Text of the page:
One thing I wanted to mention about the most recent Simpsons episode was the use of live action footage. Principal Skinner forces the students at Springfield Elementary School to sit through all 152 minutes of the 1967 Doctor Dolittle, and we see bits of the actual movie. It seems like this isn’t something the show would have done in its earlier days, when everything was animated. The only early exceptions I can think of were in Halloween episodes, like when Homer fell out of the third dimension into a live-action street, and when an animated Bart and Lisa ended up with a live Regis and Kathie Lee.
The Christmas episode “‘Tis the Fifteenth Season” had the characters watching television specials using stop-motion puppets and Claymation, and they actually used these styles of animation instead of just drawing them.
It looked weird, but it was cool that they were able to make the parodies appear more accurate. By using footage from an actual movie, they were able to joke about specific scenes without having to animate them, which worked, although you could potentially argue it was a little bit lazy.
I’d actually been reading about Who Framed Roger Rabbit on TV Tropes recently, and that ties into this. Mixing live action and animation was certainly nothing new by the late 1980s. The full-length Disney features that used both tended to use the cartoons in imaginary or fantastic scenes, like inside a chalk drawing in Mary Poppins, or on a magical island in Bedknobs and Broomsticks.
Disney’s Alice Comedies from the 1920s had a live actress in a cartoon world, and there were scenes of Mickey Mouse and Donald Duck interacting with live-action people in Fantasia and The Three Caballeros, respectively.
Warner Bros. did something similar with Daffy Duck and Porky Pig in a 1940 short. The idea that cartoon characters are actors playing roles was used since the early days of animation, and Roger Rabbit expanded upon this idea, also making Toons a persecuted minority of sorts.
I’ve seen the question raised as to whether there are any animators in the Roger Rabbit world, but it’s never addressed. Although a Disney production, the film included cartoon stars from other companies, including the only official scenes with Mickey and Bugs Bunny together.
I’m not sure how true it is, but I’ve read that Judge Doom’s plot to buy up streetcars and put them out of commission, based on an accusation against General Motors for doing the same thing, was going to be the plot of a Chinatown sequel before it was used here instead. There already were freeways in 1947, but I think they’re allowed a little artistic license. They also had Eddie Valiant and Roger watch a Goofy cartoon that wouldn’t come out for another two years.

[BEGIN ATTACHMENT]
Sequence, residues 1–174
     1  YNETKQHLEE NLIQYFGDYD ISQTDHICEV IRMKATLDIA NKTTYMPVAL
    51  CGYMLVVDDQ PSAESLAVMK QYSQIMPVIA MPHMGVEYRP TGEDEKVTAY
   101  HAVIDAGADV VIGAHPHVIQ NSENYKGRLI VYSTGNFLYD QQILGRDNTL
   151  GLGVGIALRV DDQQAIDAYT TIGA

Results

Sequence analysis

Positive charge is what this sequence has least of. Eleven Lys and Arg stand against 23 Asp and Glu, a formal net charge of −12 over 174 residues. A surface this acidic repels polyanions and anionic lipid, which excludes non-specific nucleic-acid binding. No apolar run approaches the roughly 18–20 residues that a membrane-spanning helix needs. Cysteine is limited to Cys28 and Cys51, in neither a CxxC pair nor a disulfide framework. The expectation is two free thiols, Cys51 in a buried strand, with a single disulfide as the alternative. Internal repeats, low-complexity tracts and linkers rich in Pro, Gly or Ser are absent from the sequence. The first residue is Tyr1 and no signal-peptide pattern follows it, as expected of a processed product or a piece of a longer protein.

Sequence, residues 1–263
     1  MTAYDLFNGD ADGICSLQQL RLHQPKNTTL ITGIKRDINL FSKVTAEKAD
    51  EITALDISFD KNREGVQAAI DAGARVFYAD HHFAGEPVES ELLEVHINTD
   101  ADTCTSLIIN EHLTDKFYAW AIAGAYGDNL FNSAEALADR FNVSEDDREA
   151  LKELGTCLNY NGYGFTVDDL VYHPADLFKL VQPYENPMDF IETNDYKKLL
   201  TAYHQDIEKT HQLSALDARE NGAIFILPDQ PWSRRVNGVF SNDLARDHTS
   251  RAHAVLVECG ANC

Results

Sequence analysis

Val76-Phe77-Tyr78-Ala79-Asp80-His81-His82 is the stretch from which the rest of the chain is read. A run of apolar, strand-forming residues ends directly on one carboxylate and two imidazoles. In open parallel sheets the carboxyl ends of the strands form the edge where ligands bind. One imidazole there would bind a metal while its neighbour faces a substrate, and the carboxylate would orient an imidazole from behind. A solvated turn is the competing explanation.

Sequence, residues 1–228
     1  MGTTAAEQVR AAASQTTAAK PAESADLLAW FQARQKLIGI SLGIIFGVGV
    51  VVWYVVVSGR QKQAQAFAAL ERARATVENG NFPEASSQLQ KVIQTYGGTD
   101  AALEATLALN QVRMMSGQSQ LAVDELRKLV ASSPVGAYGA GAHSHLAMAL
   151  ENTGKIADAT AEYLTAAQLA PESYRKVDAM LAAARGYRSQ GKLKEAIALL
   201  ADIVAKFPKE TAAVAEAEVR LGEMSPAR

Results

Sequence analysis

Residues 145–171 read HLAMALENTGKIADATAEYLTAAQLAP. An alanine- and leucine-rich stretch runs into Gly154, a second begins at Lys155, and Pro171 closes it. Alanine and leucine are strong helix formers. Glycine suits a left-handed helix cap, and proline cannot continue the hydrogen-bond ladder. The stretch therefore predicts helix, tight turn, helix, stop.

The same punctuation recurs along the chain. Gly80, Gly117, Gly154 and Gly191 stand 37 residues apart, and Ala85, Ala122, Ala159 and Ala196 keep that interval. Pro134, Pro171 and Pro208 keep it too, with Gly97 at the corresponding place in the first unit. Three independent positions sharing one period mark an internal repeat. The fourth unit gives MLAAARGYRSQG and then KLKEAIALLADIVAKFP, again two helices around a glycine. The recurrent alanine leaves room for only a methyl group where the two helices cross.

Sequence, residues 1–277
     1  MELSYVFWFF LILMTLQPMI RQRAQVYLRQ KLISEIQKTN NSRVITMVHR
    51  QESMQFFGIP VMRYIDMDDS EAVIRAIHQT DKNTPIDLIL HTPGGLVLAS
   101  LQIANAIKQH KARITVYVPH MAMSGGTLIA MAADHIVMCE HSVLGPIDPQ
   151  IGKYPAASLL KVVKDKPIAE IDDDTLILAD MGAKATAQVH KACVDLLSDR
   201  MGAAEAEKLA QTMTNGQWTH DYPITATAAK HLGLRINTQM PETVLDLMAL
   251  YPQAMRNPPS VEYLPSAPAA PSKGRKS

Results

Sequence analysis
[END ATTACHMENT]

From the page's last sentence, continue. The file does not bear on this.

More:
The animated series Bonkers, aired as part of the Disney Afternoon, used much the same premise as Roger Rabbit, and its lead character Bonkers D. Bobcat was a lot like Roger. The common rumor is that Disney had wanted to do a Roger Rabbit series but couldn’t clear the rights, but apparently such was never the case, and it was just heavily inspired by the movie. Of course, since there’s no live action in it, it’s harder to tell the difference between Toons and humans. For the most part, the human characters are just less colorful and zany, and are drawn with five fingers instead of four. While we get the idea, and I’m sure they didn’t have the budget to put in live actors, it’s not as much fun to watch. One odd thing about the show was that Bonkers had two different partners, and there were clear differences in style between the Lucky Piquel and Miranda Wright episodes.
While the Lucky episodes aired first, the Miranda ones were actually made first, and delayed because of poor quality. A good number of them were never aired at all. So instead they brought in Lucky, who in many ways was basically a G-rated Eddie Valiant, making the connections to Roger even stronger than before. A two-part pilot launched the show, and another episode made a transition between the two partners, making it clear that the Miranda episodes officially took place after the Lucky ones. I understand that they stopped showing that episode after the Oklahoma City bombing in 1995, as the main villain was a terrorist bomber. While the show was never that great, it had its moments, more so in the Lucky episodes. The Miranda ones did feature Bonkers’ co-stars from the shorts shown on Raw Toonage; they were only in the first and last Lucky episodes.
Also, Chief Kanifky, a minor presence in the Miranda episodes, became a major character in the Lucky ones.
I remember thinking that Fall-Apart Rabbit, Bonkers’ friend and stunt double when Lucky was his partner, had a similar to voice to that of the dog Runt on Animaniacs, which in turn was based on Dustin Hoffman in Rain Man. Frank Welker did voice both characters. I read that Bonkers was a proposed name for Animaniacs, which is part of why the latter show took a fair number of shots at the former. Animaniacs is a better title, though, so they really dodged a Toon bullet there.